This book gives us a work of fiction rooted in small town Kerala, a town within daily commuting distance of a major city, with very believable, very Indian characters. Described briefly, each character is real, believable, and unique. And that is no mean feat. Then there is the demolition of stereotypes done in the author’s trademark humour (I loved the way she put things). God is a She, who resents the idea of a prayer-and-coconut-breaking-routine. Ashwathy is an atheist, even if she is recruited by God, and she is encouraged in her beliefs by her father who dreams big for his daughter despite social pressure to go the other way. One can only imagine the possibilities. And then there is that little thing about Ashwathy confronting a sexually abusive teacher at school. Very impressive.

The humour in this book cuts the serious scenes with ease, and the quirky details about God lighten up the pages. It is definitely apt for the target age group. Sowmya also touches upon various aspects of social life like dowry, not letting a girl study, marriage being forced on someone, a lecherous teacher and how even mothers are sometimes reluctant to let their  girls do things. Ashwathy managed to win my heart with her head strong-ness, practical approach and logical reasoning. God, in her feminine form, is shown to have a wonderful sense of humour and manages to pass on such lovely nuggets of wisdom. This book breaks stereotypes, but at its heart, is a gripping mystery which keeps you hooked until the last page.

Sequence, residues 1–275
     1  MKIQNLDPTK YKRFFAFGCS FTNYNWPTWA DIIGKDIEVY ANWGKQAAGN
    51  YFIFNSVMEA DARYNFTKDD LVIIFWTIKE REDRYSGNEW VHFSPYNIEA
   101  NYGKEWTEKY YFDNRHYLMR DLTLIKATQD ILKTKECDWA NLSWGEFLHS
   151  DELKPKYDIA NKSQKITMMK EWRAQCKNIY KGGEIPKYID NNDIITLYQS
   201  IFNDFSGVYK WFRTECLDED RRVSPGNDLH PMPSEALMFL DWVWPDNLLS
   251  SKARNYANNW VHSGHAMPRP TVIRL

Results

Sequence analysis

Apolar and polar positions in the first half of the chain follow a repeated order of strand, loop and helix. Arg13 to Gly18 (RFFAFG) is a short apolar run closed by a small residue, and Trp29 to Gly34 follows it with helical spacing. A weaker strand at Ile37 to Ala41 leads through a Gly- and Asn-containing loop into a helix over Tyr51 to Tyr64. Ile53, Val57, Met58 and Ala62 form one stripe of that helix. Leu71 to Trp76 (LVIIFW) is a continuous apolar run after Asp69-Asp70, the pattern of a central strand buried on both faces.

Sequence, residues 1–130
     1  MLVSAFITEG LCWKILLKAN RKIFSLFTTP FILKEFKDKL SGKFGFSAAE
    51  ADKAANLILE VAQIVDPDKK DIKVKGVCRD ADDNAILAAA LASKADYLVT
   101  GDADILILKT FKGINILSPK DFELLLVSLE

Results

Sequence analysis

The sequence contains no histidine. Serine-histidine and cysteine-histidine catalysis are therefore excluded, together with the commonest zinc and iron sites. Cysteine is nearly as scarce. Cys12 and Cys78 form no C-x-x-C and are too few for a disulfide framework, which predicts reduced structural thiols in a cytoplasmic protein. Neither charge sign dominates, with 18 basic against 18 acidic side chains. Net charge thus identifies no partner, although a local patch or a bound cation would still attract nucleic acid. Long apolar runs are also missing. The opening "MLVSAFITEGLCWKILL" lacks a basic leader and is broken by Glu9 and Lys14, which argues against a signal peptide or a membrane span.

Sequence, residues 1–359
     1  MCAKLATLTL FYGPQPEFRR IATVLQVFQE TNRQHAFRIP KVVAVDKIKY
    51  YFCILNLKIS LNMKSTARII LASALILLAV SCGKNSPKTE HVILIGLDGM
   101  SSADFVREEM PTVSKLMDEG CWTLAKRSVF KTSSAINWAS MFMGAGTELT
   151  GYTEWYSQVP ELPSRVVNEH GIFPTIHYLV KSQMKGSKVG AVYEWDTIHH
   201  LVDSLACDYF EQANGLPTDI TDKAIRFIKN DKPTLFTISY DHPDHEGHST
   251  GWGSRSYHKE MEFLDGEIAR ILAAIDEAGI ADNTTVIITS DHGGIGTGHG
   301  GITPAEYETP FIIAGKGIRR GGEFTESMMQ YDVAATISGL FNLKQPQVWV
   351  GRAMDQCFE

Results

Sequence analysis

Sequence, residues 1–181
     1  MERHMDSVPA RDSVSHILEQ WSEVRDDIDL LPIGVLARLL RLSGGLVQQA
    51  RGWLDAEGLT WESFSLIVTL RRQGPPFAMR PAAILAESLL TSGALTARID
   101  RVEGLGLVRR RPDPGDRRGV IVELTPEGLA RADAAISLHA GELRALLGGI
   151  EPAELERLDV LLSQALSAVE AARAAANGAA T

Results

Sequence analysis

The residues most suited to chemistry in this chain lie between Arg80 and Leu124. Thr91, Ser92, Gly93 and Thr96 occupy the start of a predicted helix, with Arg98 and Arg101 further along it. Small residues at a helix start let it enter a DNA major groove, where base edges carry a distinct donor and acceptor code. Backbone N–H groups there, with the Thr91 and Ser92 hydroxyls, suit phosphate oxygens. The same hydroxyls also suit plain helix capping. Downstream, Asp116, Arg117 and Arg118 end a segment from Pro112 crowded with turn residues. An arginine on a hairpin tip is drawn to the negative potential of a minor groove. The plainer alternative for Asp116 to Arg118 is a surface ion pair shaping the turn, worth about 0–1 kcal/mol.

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Vortex of Emotion- एहसास का बवंडर

(I tried something new. English and Hindi/Urdu)

The waves in the sea moved towards the sky

समुन्द्र की लहरे आसमान की तरफ चलने लगी

They took with them, every word and every dream
हर लफ्ज़, हर ख्वाब को अपने साथ लेके चली

A swirling vortex of water and emotion, of stable sensitivity